Letters - July 17, 2015

Chancellor of the Exchequer George Osborne outside 11 Downing Street, London, before heading to the House of Commons to deliver his first Tory-only Budget. PRESS ASSOCIATION Photo. Picture date: Wednesday July 8, 2015. See PA story BUDGET Main. Photo credit should read: Lauren Hurley/PA Wire
Chancellor of the Exchequer George Osborne outside 11 Downing Street, London, before heading to the House of Commons to deliver his first Tory-only Budget. PRESS ASSOCIATION Photo. Picture date: Wednesday July 8, 2015. See PA story BUDGET Main. Photo credit should read: Lauren Hurley/PA Wire
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Have your say

POLITICS

Time to end the tax merry-go-round

Kim Critchley wrote an interesting piece in your “Politically Correct” column this week (Gazette, July 15).

In that column she states that reducing tax credits will affect hard-working employed families. This is quite correct, and without the moderating effects of the coalition partners in the Liberal Democrats, this was an entirely predictable path that the Tory party would take. However, she misses a number of important points.

n The Conservatives only achieved 37 per cent of the popular vote, and yet they have a majority in parliament – this can hardly be counted as a mandate from the public.

n The National Minimum Wage was one of the first measures the last Labour Government introduced in 1998. Initially, it was kept low at £3.60 in order to introduce the concept. Seventeen years later it has only increased to £6.50 per hour. Many recognise this is insufficient, and even Blackpool Council pays the National Living wage of £7.85 per hour.

n Even on the National Living Wage, employees have to seek help from the Government in tax credits.

n Employees are therefore forced to pay Income tax and National Insurance on their wages and receive tax credits from the Government. A truly ridiculous merry-go-round that wastes time and money.

Therefore, the real answer to the reduction of tax credits is for an increase in the National Minimum Wage far more than the amounts proposed by the chancellor. This would mean employers will have to meet the actual costs of employing staff, rather than having wages subsidised by the Government.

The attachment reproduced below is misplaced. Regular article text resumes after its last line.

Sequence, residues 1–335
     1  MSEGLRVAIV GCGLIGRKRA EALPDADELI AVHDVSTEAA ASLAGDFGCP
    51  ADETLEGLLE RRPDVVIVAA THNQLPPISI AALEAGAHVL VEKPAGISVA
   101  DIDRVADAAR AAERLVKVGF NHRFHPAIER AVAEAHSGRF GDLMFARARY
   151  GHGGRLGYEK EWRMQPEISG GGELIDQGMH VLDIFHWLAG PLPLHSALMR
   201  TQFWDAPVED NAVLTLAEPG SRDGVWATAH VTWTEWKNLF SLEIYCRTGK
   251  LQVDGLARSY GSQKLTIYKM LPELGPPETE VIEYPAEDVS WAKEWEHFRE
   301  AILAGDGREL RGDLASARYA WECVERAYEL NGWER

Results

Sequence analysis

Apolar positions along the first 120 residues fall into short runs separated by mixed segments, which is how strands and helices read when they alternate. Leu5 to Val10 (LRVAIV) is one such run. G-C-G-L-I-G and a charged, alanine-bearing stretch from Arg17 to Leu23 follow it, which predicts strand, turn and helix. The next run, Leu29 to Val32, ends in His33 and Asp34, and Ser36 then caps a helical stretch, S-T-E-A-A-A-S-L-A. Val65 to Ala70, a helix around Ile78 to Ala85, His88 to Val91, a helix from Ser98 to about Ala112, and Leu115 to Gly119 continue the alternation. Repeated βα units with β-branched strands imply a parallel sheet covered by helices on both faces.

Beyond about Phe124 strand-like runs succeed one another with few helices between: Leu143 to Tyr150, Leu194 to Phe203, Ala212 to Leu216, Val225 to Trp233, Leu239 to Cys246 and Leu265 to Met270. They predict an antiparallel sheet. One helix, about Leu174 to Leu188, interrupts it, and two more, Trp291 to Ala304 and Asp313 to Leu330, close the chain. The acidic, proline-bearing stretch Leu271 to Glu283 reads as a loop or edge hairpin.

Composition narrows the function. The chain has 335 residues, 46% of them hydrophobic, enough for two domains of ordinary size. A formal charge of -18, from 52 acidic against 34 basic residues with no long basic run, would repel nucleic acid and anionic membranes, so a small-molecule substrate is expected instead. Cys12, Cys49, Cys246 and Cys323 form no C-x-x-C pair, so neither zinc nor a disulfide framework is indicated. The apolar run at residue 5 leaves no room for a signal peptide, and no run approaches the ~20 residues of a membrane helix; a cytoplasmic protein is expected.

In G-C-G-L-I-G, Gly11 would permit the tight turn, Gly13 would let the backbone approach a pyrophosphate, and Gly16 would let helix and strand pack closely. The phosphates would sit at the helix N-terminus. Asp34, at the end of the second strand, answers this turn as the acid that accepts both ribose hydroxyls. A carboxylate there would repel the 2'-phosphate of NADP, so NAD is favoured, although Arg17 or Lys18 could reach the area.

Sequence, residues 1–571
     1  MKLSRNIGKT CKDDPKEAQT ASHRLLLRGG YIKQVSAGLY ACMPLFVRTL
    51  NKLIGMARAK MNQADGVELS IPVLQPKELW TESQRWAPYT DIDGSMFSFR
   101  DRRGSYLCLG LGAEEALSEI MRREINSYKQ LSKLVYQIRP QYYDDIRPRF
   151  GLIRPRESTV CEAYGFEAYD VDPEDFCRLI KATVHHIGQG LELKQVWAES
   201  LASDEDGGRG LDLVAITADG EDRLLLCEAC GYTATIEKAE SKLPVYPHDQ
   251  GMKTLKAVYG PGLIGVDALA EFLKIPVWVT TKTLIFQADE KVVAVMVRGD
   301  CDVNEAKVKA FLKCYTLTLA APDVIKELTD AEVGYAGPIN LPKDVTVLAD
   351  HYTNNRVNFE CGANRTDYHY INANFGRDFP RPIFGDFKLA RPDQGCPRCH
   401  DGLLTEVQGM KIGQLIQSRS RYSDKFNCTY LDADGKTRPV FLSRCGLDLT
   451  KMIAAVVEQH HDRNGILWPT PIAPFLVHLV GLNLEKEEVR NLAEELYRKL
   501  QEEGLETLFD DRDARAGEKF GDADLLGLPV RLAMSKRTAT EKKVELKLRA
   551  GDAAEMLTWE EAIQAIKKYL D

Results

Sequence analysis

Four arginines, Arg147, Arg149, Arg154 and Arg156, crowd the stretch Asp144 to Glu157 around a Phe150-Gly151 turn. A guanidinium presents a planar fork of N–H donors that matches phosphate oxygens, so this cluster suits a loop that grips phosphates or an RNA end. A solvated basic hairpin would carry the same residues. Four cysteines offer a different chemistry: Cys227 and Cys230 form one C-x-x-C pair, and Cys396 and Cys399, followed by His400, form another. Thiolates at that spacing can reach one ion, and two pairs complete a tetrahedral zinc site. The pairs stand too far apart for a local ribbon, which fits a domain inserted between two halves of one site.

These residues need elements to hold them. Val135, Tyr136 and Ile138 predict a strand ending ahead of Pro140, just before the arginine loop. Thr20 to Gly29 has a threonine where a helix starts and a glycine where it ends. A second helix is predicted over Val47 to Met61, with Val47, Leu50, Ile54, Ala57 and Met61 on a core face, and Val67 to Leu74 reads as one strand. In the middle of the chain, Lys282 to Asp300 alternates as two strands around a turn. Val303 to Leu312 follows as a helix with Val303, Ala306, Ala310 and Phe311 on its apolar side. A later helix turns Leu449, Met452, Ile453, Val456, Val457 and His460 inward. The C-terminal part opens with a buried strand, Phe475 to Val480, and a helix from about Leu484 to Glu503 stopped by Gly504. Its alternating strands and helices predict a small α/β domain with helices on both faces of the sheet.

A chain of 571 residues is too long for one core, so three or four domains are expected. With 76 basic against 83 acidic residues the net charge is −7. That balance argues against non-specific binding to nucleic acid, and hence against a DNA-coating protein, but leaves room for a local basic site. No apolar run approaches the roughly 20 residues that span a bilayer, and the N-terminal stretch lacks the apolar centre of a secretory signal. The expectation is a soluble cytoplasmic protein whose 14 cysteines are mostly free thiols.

Kim also covers the problems with zero-hour contracts.

There are also ways with dealing with them. The restrictions made in zero-hour contracts should normally be illegal, if they had not been written in such a way that employees are being asked to sign away their legal rights. For example, an employee should be recompensed for having to be available to work for specific times, even if they are not actually in work.

Only specific full-time employees should be restricted from taking up other employment/self-employment. The Government should restrict companies from requiring employees sign away of legal freedoms. This is specifically restricted in other contracts.

Douglas Green (former Liberal Democrat Councillor)

Stony Hill Avenue

Blackpool

GOOD NEWS

Why not report the positive news?

I’m sick to my back teeth of being confronted by the Gazette’s incessant headlines of bad news about Blackpool.

Every day there’s another problem or event to remind us what an awful place it is. Rarely is there anything good and uplifting to report.

Today’s edition (July 15) really put the top hat on it for me. Another bad news story – four local food establishments given a zero food hygiene rating! Yet it could have so different. Why couldn’t you have the headline that, of 772 eating places in Blackpool, almost half of all those surveyed achieved the best rating of five stars?

You state that the Gazette has been campaigning for the the Fylde coast since 1873, well I believe I’ve seen precious little of that – all I see is a pointing out of all that is wrong with Blackpool and no evidence of encouraging anything that is good.

For sure, the town has some real problems, but it deserves a newspaper that also reports and encourages the good aspects of the resort.

Keith Melia

Bispham

BLACKPOOL FC

Fans playing into the owners’ hands

Having supported Blackpool for a number of years, I feel entitled to have my say. Much as I understand the fans’ frustration, invasion of the pitch in playing into Karl Oyston’s hands.

He is not a football man, so he cannot understand the passion of the supporters. If actions don’t improve, the Pool will shortly be out of the league, because surely points will be deducted if there are any further incidents. Is that what the fans really want?

Come on you supporters, give the new manager and players your backing.

Mrs Campbell

Blackpool
(See Gazette opinion p18)

COUNCIL PAY

Allowances rise will hurt the council

I write regarding your story on councillors voting for an increase in their allowances (Gazette, July 10).

What a kick in the teeth for the people of this town by all the councillors. This country is in austerity and people have been accepting wage rises between three and five per cent, and then you come along and pay yourselves 33 per cent, not by taking annual incremental payments of 10 per cent, but by paying yourselves in one lump.

Is there no person in council and the council officers clued up enough to warn you that this move is over the top?

I know some of you, and thought you had more sense than this. Make no mistake, this move has badly hurt the people of this town, It could get worse – this council will probably backdate this rise to when they took office.

Bruce Allen

Hawkshead Terrace

Blackpool